Vitamin D3

Vitamin D3 was discovered and isolated in the early 1930’s during an attempt to find a cure for rickets. A scientist who was studying the effects of various diets in dogs that were kept from sunlight noted that the dog’s deficiency symptoms matched those of rickets. Soon afterwards, scientist discovered that through irradiation, different forms of this prohormone could be isolated.

(Vitamin D3 is produced only when it is exposed to sunlight, or ultraviolet B radiation. Thus the Vitamin D family was founded.

Vitamin D3’s use in treating rickets made its isolation a godsend to people worldwide. Since then, extensive studies have given us broad knowledge of the benefits of this unique Vitamin. There are now a total of 5 different ‘Vitamin D’ forms; however Vitamin D2 and D3 are the most common.

Vitamin D3 Benefits

Vitamin D3, like many of the other popular vitamins, has the ability to help the body in numerous ways both preventative and combative. Here is a list of some of the benefits of Vitamin D3.

•    Rickets: Vitamin D3 is the key ingredient in the treatment of Rickets.
•    Bone health:  Vitamin D3 helps your body absorb calcium, and in turn helps your bones and teeth grow properly.
•    Osteoporosis: Specifically post-menopausal osteoporosis can be prevented and treated with regular Vitamin D3 intake.
•    Type 1 diabetes: Vitamin D3 plays a key role in the prevention of this diabetes type.
•    Cancers:  In some studies Vitamin D3 (and Vitamin D) has been shown to help prevent some cancers.
•    Immunity: Evidence also indicates that Vitamin D3 has various positive effects on the immune system and inhibits the development of autoimmunity.

Vitamin D3 Food Sources

Vitamin D can be found in a plethora of meat and dairy related foods. Below is a short list of Vitamin D food sources:

•    Milk (includes non-fat, reduced fat, whole and of course Vitamin D fortified milk)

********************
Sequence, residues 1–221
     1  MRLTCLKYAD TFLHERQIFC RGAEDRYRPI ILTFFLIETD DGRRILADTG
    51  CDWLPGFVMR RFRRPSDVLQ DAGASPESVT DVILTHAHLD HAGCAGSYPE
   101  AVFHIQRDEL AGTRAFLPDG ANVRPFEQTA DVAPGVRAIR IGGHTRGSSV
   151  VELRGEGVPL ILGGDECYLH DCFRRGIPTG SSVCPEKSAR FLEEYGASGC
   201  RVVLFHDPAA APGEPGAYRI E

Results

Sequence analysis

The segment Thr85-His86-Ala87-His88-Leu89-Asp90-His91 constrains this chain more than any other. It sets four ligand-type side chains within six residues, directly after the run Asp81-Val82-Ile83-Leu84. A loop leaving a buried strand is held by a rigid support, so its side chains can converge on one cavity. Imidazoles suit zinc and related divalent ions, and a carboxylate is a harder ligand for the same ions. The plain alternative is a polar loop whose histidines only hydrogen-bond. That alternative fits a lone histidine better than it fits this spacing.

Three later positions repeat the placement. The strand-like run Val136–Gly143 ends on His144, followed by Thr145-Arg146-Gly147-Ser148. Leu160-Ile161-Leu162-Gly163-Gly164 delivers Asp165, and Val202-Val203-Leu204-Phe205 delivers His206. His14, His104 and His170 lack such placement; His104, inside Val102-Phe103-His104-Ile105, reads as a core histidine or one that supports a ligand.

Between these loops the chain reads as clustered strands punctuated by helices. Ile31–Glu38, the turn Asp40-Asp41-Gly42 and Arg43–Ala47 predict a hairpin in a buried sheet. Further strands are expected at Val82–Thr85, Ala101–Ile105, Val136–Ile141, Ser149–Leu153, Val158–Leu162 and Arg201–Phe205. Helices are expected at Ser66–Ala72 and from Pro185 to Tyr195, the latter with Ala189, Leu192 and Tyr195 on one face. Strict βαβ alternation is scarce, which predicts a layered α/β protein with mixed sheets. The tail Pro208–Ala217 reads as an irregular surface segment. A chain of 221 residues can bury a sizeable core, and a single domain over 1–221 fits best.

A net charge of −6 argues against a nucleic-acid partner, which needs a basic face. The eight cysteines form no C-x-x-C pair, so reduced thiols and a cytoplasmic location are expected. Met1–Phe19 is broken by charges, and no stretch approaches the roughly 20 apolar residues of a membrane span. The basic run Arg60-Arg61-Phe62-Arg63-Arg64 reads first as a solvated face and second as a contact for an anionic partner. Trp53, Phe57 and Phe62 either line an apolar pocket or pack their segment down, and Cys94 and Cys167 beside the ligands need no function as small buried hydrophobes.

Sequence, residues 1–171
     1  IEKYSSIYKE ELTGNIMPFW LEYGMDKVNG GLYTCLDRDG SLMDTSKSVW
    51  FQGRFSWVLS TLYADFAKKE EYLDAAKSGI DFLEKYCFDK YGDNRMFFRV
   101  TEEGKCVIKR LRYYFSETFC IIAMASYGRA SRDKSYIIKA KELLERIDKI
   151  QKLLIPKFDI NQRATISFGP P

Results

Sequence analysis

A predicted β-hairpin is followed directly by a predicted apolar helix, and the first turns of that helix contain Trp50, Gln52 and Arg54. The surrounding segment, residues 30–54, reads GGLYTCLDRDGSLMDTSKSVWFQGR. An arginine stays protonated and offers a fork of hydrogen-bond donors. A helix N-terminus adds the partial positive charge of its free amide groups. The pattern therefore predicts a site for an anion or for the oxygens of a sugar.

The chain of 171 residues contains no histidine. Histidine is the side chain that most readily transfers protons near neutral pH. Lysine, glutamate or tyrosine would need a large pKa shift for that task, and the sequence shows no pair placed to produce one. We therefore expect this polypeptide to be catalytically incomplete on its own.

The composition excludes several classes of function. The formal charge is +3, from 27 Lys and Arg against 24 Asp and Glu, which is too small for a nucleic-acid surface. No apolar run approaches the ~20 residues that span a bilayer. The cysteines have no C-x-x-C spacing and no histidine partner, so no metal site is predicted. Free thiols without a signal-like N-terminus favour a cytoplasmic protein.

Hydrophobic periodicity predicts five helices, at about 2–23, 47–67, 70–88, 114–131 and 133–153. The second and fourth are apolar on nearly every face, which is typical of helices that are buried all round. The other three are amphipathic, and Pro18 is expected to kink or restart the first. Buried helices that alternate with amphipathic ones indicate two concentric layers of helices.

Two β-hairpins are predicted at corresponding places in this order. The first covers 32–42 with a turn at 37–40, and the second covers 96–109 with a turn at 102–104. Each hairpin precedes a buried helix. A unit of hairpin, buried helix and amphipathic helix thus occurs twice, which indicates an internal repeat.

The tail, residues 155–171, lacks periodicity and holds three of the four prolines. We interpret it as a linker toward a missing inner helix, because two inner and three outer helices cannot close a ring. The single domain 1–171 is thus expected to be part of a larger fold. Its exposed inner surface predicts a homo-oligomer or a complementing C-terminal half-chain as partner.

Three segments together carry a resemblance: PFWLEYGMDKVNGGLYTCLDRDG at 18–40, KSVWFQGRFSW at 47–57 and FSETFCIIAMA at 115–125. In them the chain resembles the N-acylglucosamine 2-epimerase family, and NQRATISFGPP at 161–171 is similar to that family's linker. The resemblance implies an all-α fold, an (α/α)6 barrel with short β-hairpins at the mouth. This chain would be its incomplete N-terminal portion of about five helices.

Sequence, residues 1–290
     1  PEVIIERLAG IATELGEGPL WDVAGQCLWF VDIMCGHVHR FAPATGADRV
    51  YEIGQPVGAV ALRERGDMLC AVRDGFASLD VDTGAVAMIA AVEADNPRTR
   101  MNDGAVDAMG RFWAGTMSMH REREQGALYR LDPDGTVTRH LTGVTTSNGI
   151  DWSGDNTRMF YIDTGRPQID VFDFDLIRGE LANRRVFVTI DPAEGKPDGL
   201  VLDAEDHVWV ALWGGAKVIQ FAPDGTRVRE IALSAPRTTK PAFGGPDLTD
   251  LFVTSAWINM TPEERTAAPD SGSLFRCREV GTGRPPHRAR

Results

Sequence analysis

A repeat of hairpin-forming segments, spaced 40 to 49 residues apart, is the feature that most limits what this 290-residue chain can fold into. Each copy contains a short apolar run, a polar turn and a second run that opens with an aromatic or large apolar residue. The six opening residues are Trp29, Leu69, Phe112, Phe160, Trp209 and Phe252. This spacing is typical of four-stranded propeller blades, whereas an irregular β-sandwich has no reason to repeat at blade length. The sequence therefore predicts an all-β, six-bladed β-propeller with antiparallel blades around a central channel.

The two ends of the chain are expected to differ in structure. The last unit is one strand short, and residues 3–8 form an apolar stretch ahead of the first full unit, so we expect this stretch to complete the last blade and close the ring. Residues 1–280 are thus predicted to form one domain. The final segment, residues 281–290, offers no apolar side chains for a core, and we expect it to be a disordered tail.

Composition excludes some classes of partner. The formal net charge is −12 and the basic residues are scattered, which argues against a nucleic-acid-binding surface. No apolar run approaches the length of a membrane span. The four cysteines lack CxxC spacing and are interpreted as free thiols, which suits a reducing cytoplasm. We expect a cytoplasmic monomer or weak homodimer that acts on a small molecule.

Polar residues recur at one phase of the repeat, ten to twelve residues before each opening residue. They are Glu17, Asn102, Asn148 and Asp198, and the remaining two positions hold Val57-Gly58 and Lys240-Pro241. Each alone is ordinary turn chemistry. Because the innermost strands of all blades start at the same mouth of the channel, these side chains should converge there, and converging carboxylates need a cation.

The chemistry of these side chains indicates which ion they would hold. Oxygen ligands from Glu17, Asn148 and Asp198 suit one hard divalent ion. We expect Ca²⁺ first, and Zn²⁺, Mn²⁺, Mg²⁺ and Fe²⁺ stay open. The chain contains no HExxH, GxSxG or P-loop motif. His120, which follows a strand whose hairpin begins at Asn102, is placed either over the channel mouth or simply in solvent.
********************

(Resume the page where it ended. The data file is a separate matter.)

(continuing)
•    Margarine (fortified)
•    Egg yolk
•    Liver or beef (cooked)
•    Swiss cheese
•    Fortified cereal
•    Cod liver oil
•    Salmon or mackerel (cooked)
•    tuna fish or sardines (in oil)

Vitamin D3 Deficiency

Vitamin D3 is actually a hormone – and it is produced when your skin has direct contact with sunlight. Usually fifteen to twenty minutes of direct sunlight (without clothes) is enough to provide adequate daily Vitamin D3.

A deficiency in Vitamin D3 can result in myriad of ailments and diseases. Depression, high blood pressure, psoriasis, neurodegenerative diseases, osteoporosis and Type 2 diabetes are just a few. A deficiency in Vitamin D3 is still very prevalent in the United States, for two reasons. One reason is that many supplements are actually synthetic Vitamin D called ergocalciferol – which is actually a form of Vitamin D2. The other reason is that many people rarely get any direct sunlight. For some, the walk from their front door to their automobile, and then from their automobile to their front door after work, is the only direct sunshine they receive (and they are usually fully clothed). You can significantly avert a Vitamin D3 deficiency by simply exposing yourself to the sun once a day for 10 or 15 minutes. (Tanning beds do not help your body produce vitamin D3).

Vitamin D3 Overdose

Vitamin E, if taken as a supplement, should be carefully monitored. If your doctor prescribes you Vitamin E, make sure you follow the routine he or she has prescribed. Immediate symptoms of Vitamin E overdose are fatigue, weakness, nausea, headache, flatulence, abdominal pain and blurred vision. Always consult a physician immediately if you feel you may have taken too high of a dose of vitamin E.

There is also a very small chance that you will have an allergic reaction to Vitamin E supplements. If you experience the immediate appearance of a rash, swollen tongue and lips, closing of the throat or difficulty breathing, contact a physician or emergency ward immediately.

Medical Disclaimer